Wednesday, May 18, 2016

working to supplant Siri’s Nuance speech recognition with in-house tech

Although ’s Siri uses Nuance’s speech recognition technology, the digital assistant may be getting a new voice soon. Although Nuance continues to power Siri’s speech recognition, a of former Nuance employees reportedly are now part of ’s in-house efforts to develop a new speech recognition technology to power Siri, reducing its technological dependency on third-parties.For instance, a of former employees of VoiceSignal Technologies, a speech software firmed acquired by Nuance, now appr in lding roles developing Siri as an in-house appliion for , according to a Friday report…According toXconomy, lding the tm is Gunnar Evermann as Manager, Siri Speech. Evermann moved from ’s California hdquarter to Boston, opening the firm’s .Furthermore, Nuance’s former vice president of resrch, Larry Gillick, is now listed by as“chief speech scientist, Siri,”according to the report.The crux of the report: has assembled a small tm of notable names in speech technology and is looking to expand those efforts in the Boston ar, industry sources tell Xconomy.Based on their online job profiles, we can say that members of the speech tm here are working on Siri, the company’s voice-activated virtual assistant. Details beyond that are hard to come by, however, even for others in the field.Don McAllaster, is reportedly Siri’s senior resrch scientist. He worked with Gillick when both were at Dragon Systems, another speech firm.“By opening its own speech-technology here – stocked with former Nuance employees, no less – could be signaling a move away from relying on Nuance for Siri’s guts,”writes Xconomy reporter Curt Woodward.Although usually does little development outside its California home base, the firm is noted for its desire to retain technology in-house.The most recent example of keeping components -only was the much-publicizedrejection of Google Mapsfor Maps, then the equally-public reversal, permitting Google’s mapping service back in the form of a downloadable App Store app.Such a move to replace Nuance also makes sense after CEO Tim Cook callediOS-enabled cars‘’ to his company’s future. In-dashversions of Sirihave become an integral part of that future, as well.However, the most potent rson for to cut ties with Nuance might be because the Boston-based company also supplies speech technology to rival .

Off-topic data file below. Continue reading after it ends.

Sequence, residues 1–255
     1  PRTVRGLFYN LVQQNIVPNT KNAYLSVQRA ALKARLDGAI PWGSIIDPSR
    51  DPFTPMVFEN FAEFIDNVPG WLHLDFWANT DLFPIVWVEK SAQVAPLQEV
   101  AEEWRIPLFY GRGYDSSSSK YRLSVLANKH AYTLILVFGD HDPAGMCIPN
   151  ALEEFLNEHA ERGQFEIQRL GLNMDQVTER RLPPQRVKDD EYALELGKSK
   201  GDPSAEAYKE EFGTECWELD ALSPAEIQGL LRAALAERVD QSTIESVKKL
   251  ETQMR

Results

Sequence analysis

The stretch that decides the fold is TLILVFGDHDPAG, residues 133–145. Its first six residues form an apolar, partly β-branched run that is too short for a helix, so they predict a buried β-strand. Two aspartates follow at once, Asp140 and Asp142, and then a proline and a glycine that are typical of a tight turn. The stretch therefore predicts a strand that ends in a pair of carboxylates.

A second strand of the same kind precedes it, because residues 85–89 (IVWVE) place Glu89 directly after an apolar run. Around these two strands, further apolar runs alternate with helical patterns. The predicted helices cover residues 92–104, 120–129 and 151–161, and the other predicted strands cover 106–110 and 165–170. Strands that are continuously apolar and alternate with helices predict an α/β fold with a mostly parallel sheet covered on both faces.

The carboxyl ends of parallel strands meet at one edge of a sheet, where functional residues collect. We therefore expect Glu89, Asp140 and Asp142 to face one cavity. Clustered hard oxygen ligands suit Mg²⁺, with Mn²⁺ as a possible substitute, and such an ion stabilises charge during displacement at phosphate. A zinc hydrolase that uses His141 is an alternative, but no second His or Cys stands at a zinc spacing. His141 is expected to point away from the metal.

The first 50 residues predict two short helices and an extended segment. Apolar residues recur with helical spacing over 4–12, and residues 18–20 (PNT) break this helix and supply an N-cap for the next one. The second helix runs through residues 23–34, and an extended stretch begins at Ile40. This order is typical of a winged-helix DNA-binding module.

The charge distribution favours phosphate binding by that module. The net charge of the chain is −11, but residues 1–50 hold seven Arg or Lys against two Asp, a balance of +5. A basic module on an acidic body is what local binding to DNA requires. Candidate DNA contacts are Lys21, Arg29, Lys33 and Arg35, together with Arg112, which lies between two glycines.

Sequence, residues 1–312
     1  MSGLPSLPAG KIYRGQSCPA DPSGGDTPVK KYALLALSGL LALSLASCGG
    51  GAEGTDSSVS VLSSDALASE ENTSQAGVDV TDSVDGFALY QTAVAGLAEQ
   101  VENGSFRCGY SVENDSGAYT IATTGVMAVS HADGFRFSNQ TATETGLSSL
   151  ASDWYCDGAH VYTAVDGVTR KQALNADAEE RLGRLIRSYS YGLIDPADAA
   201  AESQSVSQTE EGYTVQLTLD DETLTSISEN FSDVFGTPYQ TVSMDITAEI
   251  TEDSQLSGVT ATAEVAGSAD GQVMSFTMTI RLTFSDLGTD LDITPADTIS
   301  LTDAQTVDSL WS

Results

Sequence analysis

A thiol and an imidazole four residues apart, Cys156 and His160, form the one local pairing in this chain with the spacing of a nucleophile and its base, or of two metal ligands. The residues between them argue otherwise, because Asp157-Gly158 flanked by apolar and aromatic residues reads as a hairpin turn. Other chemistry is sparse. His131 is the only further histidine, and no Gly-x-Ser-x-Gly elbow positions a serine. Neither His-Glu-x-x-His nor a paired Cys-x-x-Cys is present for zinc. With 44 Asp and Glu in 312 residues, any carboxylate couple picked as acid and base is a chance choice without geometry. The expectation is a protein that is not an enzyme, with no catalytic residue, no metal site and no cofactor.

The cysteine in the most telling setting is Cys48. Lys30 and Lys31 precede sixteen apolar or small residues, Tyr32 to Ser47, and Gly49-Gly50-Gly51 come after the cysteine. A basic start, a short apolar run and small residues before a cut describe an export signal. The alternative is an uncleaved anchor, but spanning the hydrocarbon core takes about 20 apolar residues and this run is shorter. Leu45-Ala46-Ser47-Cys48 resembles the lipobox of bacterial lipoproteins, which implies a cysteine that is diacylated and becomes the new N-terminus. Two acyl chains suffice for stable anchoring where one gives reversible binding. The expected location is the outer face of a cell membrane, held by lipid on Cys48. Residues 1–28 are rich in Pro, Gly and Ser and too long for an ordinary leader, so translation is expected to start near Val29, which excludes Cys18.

No comments:

Post a Comment